Moreover, the other incidents of harassment Meckenberg describes cannot be reasonably attributed to a discriminatory animus, and thus cannot be properly considered as part of her hostile environment claim. See Evans v. Golub Corp., 29 F. Supp. 2d 194, 206 (S.D.N.Y.1998) (Chin, J.) (granting employer's summary judgment motion where plaintiff presented some evidence of adverse treatment, but no evidence that such treatment was motivated by race or color). Meckenberg claims that her staff was disrespectful, and resented her attempts to instill responsibility; that Dukes failed to investigate the theft of papers from her desk and a dispute between her and another employee to her full satisfaction; and that layoffs and terminations within OPCEN left her with too much responsibility. While these incidents may have resulted in an unpleasant workplace situation, Meckenberg has failed to allege any facts that would allow a reasonable factfinder to believe that her gender or race placed a part in these decisions. The mere fact that Meckenberg is white and female and that she did not always receive the respect and help she desired does not create the inference that the treatment was motivated by a discriminatory animus.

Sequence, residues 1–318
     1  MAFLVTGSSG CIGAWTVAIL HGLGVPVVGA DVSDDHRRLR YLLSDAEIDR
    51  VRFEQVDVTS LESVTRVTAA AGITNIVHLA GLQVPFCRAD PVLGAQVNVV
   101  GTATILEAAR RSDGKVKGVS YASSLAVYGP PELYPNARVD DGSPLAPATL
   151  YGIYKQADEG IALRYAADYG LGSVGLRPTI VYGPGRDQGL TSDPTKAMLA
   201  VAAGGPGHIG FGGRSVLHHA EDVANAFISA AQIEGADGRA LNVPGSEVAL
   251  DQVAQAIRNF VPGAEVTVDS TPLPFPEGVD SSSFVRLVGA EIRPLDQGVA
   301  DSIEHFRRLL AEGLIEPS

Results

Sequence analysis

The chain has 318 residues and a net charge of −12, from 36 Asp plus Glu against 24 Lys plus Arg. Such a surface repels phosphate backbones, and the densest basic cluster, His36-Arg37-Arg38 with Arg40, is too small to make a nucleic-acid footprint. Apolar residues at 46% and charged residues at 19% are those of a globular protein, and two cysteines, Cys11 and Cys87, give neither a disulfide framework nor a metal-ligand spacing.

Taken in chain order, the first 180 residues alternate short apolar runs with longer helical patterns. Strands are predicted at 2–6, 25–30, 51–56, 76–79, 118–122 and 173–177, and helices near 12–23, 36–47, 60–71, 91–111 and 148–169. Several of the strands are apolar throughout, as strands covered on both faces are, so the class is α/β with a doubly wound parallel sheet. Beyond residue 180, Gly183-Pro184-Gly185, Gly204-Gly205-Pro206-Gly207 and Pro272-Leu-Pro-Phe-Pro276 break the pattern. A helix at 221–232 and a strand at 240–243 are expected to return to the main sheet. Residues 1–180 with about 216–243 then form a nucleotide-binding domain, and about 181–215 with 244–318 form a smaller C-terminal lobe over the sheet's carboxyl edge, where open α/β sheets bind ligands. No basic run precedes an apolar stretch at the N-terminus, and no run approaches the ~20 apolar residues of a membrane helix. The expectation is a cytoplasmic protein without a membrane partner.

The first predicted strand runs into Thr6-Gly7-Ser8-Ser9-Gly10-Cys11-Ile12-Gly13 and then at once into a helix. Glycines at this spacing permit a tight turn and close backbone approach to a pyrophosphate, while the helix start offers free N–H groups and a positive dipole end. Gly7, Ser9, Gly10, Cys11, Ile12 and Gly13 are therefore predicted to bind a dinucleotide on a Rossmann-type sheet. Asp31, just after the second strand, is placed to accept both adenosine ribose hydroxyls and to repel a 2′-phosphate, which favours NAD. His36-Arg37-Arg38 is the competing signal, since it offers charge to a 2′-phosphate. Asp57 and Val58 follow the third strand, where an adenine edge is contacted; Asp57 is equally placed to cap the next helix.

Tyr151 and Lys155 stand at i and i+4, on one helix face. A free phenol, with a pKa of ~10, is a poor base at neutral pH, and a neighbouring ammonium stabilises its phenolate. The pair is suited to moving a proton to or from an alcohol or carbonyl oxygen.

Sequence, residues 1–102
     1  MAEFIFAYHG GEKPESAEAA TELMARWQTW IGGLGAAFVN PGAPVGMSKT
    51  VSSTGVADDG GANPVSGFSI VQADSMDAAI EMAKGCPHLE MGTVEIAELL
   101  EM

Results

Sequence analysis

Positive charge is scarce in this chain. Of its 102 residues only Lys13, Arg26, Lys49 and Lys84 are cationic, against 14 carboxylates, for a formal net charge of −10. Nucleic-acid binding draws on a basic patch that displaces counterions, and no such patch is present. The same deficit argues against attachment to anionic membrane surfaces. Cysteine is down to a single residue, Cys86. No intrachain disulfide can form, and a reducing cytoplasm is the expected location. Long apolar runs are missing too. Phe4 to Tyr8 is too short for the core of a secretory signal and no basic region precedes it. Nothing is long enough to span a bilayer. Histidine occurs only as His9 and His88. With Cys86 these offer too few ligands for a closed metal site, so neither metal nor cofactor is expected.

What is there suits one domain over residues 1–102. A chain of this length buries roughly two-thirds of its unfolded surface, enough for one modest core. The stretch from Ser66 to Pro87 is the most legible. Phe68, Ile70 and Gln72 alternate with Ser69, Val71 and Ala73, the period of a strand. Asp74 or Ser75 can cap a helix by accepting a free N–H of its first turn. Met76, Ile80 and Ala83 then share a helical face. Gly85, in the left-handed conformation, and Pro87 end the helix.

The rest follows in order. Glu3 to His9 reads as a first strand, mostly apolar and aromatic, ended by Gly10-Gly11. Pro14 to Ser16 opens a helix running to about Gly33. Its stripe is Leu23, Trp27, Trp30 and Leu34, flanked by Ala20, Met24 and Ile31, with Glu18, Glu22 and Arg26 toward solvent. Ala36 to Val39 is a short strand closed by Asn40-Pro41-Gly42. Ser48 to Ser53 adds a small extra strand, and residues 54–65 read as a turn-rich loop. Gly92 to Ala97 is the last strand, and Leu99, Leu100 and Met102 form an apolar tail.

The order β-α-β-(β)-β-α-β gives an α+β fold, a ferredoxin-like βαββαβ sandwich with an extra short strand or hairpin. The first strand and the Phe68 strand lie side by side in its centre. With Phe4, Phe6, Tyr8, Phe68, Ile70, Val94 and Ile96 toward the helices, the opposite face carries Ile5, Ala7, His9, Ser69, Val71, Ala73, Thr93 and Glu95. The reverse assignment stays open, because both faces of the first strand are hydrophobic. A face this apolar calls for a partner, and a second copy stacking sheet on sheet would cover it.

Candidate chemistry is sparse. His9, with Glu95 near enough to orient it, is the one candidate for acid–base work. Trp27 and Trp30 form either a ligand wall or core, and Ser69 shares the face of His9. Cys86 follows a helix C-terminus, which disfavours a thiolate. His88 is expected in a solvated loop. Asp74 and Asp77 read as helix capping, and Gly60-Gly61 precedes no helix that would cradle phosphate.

Neither can Meckenberg's allegations regarding Romano's harassment, which included not allowing her to read at her desk, accusing her of falsifying her time card, and insisting that she use a time clock, be ascribed to a discriminatory animus. Meckenberg argues that Romano favored black female employees by not subjecting them to the same stringent time requirements and permitting them to read the Bible at their desks. (Mem. of Law in Opp. to Defs.' Mot. for Summ. J. at 15). However, these allegations are insufficient to indicate a discriminatory motivation because those employees were not managers, and thus were not similarly situated to Meckenberg. See also Mustafa v. Park Lane Hotel, 12 F. Supp. 2d 360, 363 n. 6 (S.D.N.Y.1998) (Parker, J.) (noting that employer's holding of supervisory employee to higher standards is not indicative of discrimination). Moreover, Meckenberg's own testimony indicates that the adverse treatment she received was a result of a personality conflict between her and Romano.[5] While the personality conflict between Romano and Meckenberg may have *374 led to adverse or differential treatment, the "law does not require an employer to like his employees, or to conduct himself in a mature or professional manner, or unfortunately, even to behave reasonably and justly when he is peeved." Christoforou v. Ryder Truck Rental, Inc., 668 F. Supp. 294, 303 (S.D.N.Y.1987) (Motley, J.).